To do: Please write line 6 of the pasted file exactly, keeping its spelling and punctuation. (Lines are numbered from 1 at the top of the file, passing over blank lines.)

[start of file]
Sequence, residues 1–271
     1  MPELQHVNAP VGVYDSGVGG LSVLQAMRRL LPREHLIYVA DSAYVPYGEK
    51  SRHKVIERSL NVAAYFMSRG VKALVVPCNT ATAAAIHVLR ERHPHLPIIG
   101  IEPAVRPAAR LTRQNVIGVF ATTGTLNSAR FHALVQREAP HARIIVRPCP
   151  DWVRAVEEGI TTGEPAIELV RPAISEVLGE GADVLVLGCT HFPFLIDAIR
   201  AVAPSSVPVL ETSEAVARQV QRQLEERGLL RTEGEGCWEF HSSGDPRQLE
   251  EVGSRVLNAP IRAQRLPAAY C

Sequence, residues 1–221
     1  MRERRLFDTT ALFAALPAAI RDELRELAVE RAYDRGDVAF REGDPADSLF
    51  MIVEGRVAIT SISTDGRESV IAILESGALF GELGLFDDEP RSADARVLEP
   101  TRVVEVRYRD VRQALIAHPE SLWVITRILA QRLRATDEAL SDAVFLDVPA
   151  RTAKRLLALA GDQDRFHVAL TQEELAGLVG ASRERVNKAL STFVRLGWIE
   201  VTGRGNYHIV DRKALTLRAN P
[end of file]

   201  AVAPSSVPVL ETSEAVARQV QRQLEERGLL RTEGEGCWEF HSSGDPRQLE